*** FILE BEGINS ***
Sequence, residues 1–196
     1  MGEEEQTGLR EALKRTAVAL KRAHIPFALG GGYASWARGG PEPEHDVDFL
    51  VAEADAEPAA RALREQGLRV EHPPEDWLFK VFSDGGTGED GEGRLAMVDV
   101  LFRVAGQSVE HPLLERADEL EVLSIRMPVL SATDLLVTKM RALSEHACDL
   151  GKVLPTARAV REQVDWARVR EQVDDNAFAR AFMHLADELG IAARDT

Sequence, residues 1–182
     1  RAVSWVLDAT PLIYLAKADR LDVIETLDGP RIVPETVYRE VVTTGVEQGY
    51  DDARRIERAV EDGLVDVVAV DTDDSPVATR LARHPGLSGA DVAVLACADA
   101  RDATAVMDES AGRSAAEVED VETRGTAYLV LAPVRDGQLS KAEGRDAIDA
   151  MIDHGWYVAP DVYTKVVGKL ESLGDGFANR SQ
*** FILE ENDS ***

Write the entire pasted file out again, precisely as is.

Sequence, residues 1–196
     1  MGEEEQTGLR EALKRTAVAL KRAHIPFALG GGYASWARGG PEPEHDVDFL
    51  VAEADAEPAA RALREQGLRV EHPPEDWLFK VFSDGGTGED GEGRLAMVDV
   101  LFRVAGQSVE HPLLERADEL EVLSIRMPVL SATDLLVTKM RALSEHACDL
   151  GKVLPTARAV REQVDWARVR EQVDDNAFAR AFMHLADELG IAARDT

Sequence, residues 1–182
     1  RAVSWVLDAT PLIYLAKADR LDVIETLDGP RIVPETVYRE VVTTGVEQGY
    51  DDARRIERAV EDGLVDVVAV DTDDSPVATR LARHPGLSGA DVAVLACADA
   101  RDATAVMDES AGRSAAEVED VETRGTAYLV LAPVRDGQLS KAEGRDAIDA
   151  MIDHGWYVAP DVYTKVVGKL ESLGDGFANR SQ